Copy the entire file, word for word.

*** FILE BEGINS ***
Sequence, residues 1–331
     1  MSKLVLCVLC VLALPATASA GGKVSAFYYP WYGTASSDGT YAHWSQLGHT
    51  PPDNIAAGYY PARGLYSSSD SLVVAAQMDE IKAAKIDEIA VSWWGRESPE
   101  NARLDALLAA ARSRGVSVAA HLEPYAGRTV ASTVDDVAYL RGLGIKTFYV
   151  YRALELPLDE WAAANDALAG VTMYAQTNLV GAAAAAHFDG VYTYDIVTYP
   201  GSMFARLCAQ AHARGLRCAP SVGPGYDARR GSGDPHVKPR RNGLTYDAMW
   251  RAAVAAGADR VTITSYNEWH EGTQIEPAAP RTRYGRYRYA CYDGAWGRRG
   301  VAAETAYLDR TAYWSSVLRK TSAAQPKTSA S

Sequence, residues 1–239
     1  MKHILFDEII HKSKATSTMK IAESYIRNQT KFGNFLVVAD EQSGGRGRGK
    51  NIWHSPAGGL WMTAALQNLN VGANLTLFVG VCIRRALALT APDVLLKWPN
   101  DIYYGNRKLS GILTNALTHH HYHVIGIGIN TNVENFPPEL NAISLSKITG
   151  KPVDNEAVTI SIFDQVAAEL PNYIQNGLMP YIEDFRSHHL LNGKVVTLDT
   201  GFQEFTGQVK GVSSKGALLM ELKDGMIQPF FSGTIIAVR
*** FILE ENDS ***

Sequence, residues 1–331
     1  MSKLVLCVLC VLALPATASA GGKVSAFYYP WYGTASSDGT YAHWSQLGHT
    51  PPDNIAAGYY PARGLYSSSD SLVVAAQMDE IKAAKIDEIA VSWWGRESPE
   101  NARLDALLAA ARSRGVSVAA HLEPYAGRTV ASTVDDVAYL RGLGIKTFYV
   151  YRALELPLDE WAAANDALAG VTMYAQTNLV GAAAAAHFDG VYTYDIVTYP
   201  GSMFARLCAQ AHARGLRCAP SVGPGYDARR GSGDPHVKPR RNGLTYDAMW
   251  RAAVAAGADR VTITSYNEWH EGTQIEPAAP RTRYGRYRYA CYDGAWGRRG
   301  VAAETAYLDR TAYWSSVLRK TSAAQPKTSA S

Sequence, residues 1–239
     1  MKHILFDEII HKSKATSTMK IAESYIRNQT KFGNFLVVAD EQSGGRGRGK
    51  NIWHSPAGGL WMTAALQNLN VGANLTLFVG VCIRRALALT APDVLLKWPN
   101  DIYYGNRKLS GILTNALTHH HYHVIGIGIN TNVENFPPEL NAISLSKITG
   151  KPVDNEAVTI SIFDQVAAEL PNYIQNGLMP YIEDFRSHHL LNGKVVTLDT
   201  GFQEFTGQVK GVSSKGALLM ELKDGMIQPF FSGTIIAVR